HARLINGEN — The Harlingen Convention Center is one of the city’s biggest victims of the coronavirus pandemic.
Less than 18 months after it opened, the $16.7 million facility hasn’t booked a big event since the COVID-19 outbreak in March — and doesn’t plan to book an event until next year, Steven Villarreal, the convention center’s sales and marketing director, said.
“Obviously, the pandemic has had an effect on meeting spaces — not just here,” Mayor Chris Boswell said.
Villarreal said the convention center can’t host gatherings of more than 10 people as a result of local and state orders stemming from federal guidelines aimed at curbing the spread of the virus.
“With gatherings restricted, people are deciding to cancel events. That’s nationwide, worldwide,” Boswell said. “They’ll be opportunities for meetings, weddings and graduations in the future but for now those things are on hold.”
The pandemic has led organizers to cancel the Rio Grande Valley Birding Festival, the year’s biggest event for the city and its convention center.
Villarreal said the convention center’s next bookings could come next June.
“Our bookings have dwindled down to probably zero since the pandemic in March,” he said. “We have tentative bookings starting June 2021.”
Meanwhile, BC Lynd Hospitality, which operates the convention center, is searching for a new general manager after Jeff Hamel, a veteran hotel executive who took the position in February 2019, resigned earlier this month to take a regional job with another company, Villarreal said.
This week, BC Lynd plans a “budget meeting” with city officials, Villarreal said, adding he had no further information readily available.
The company has not presented city commissioners with its proposed budget for the upcoming fiscal year opening in October.
On Friday, Brandon Raney, BC Lynd’s chief executive officer, did not respond to a request for comment left on an answering machine at the company’s offices in San Antonio.
In July, city commissioners met in closed session “to receive legal advice pertaining to the city’s rights, duties, privileges and obligations under the convention center lease and operation agreement and the working capital fund contemplated therein and related legal issues.”
As a result of the meeting, Boswell said, the city transferred $165,863 out of an original $500,000 working capital fund to BC Lynd as part of an agreement in which the city covers any deficits during the convention center’s first two years of operation. The transfer marked the city’s second disbursement to BC Lynd, he said.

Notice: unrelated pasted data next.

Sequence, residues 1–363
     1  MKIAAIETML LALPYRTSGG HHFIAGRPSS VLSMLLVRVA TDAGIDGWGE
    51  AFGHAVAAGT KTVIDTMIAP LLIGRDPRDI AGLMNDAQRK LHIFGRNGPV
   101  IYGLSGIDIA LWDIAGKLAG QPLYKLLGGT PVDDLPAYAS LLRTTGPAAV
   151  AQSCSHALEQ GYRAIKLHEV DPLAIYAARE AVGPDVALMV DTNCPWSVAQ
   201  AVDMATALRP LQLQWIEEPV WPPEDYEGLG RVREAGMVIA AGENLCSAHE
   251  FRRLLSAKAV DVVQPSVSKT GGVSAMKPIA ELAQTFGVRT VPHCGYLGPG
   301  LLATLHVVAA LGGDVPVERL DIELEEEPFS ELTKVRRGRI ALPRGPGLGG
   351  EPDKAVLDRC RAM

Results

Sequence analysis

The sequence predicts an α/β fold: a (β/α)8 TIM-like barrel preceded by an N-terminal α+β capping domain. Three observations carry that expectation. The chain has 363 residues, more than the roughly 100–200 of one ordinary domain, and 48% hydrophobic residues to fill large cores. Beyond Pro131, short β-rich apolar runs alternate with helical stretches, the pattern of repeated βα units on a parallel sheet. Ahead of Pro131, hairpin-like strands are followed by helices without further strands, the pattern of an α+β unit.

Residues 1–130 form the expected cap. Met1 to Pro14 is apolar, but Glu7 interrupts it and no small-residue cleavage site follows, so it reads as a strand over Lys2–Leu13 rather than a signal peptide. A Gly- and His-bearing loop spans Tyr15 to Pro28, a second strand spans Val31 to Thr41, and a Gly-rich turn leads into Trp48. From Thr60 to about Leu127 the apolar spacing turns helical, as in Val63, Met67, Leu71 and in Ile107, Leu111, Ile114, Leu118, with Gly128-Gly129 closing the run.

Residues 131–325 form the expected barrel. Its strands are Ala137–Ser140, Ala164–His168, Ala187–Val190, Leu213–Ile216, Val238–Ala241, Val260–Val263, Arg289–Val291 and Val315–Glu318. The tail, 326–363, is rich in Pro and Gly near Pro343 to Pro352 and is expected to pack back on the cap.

“We anticipated the convention center would take a ramp-up period of a year or two years before it started generating excess revenue,” Boswell said. “There is still money left over from the $500,000. That’s all we’re obligated to contribute. They have to pay it back over time out of revenue.”
In its first months of operation during the 2019-2020 fiscal year, the convention center ran a deficit of about $200,000.
Seven months before the coronavirus outbreak last March, BC Lynd had projected the Rio Grande Valley’s newest convention center would generate $735,602 in revenues while racking up $937,991 in expenditures from October 2019 through September 2020.
BC Lynd amid pandemic
BC Lynd, a hotel developer which will begin to split any profits and cover its share of any deficits after the convention center’s first two years, is critical to the facility’s operation.
While the pandemic has deeply impacted the hotel industry, BC Lynd remains strong, Boswell said.
“There’s been some discussion about that,” he said, referring to the company amid the pandemic. “They continue to operate, they continue to serve the terms of the contract.”
Boswell said the company includes a development firm that’s built apartment buildings in cities such as Chicago and Denver.
“That organization on the construction side is a pretty big outfit,” he said.
Hotel set to open
As part of an agreement, the city agreed to fund construction of the convention center while BC Lynd built an attached hotel at Teege and Harlingen Heights roads.
Now, BC Lynd expects to complete construction of the $25 million, five-story Hilton Garden Inn in October, planning to open its doors in mid November, Villarreal said.
With 149 rooms, the city’s biggest upscale hotel is more than two years behind schedule.
In late 2018, Raney said he worked 18 months to land the “right” financing to launch the project.
At City Hall, officials have been counting on the hotel to boost the convention center’s bookings.
But amid the pandemic, hotel occupancy has plunged.
“How much business it’s going to have under these circumstances … we’re trying to book it for meetings,” Boswell said, referring to the hotel’s opening amid the pandemic.